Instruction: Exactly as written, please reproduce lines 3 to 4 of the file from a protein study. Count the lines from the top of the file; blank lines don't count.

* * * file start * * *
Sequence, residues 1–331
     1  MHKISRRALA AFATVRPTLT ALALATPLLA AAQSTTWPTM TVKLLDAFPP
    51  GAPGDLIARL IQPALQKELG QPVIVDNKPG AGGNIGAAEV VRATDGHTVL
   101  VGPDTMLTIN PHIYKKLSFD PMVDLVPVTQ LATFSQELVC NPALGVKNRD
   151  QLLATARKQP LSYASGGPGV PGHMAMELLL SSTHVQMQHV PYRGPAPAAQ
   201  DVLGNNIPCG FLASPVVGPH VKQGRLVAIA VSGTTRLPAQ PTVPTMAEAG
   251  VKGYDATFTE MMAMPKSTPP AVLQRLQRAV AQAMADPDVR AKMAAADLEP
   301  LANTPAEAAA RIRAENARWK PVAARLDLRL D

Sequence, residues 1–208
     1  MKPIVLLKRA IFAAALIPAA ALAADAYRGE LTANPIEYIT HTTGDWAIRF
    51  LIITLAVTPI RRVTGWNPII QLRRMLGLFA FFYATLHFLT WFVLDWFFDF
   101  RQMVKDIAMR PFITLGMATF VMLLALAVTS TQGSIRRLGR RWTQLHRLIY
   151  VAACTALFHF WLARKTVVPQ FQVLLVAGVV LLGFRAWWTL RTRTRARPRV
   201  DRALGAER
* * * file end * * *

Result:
    51  GAPGDLIARL IQPALQKELG QPVIVDNKPG AGGNIGAAEV VRATDGHTVL
   101  VGPDTMLTIN PHIYKKLSFD PMVDLVPVTQ LATFSQELVC NPALGVKNRD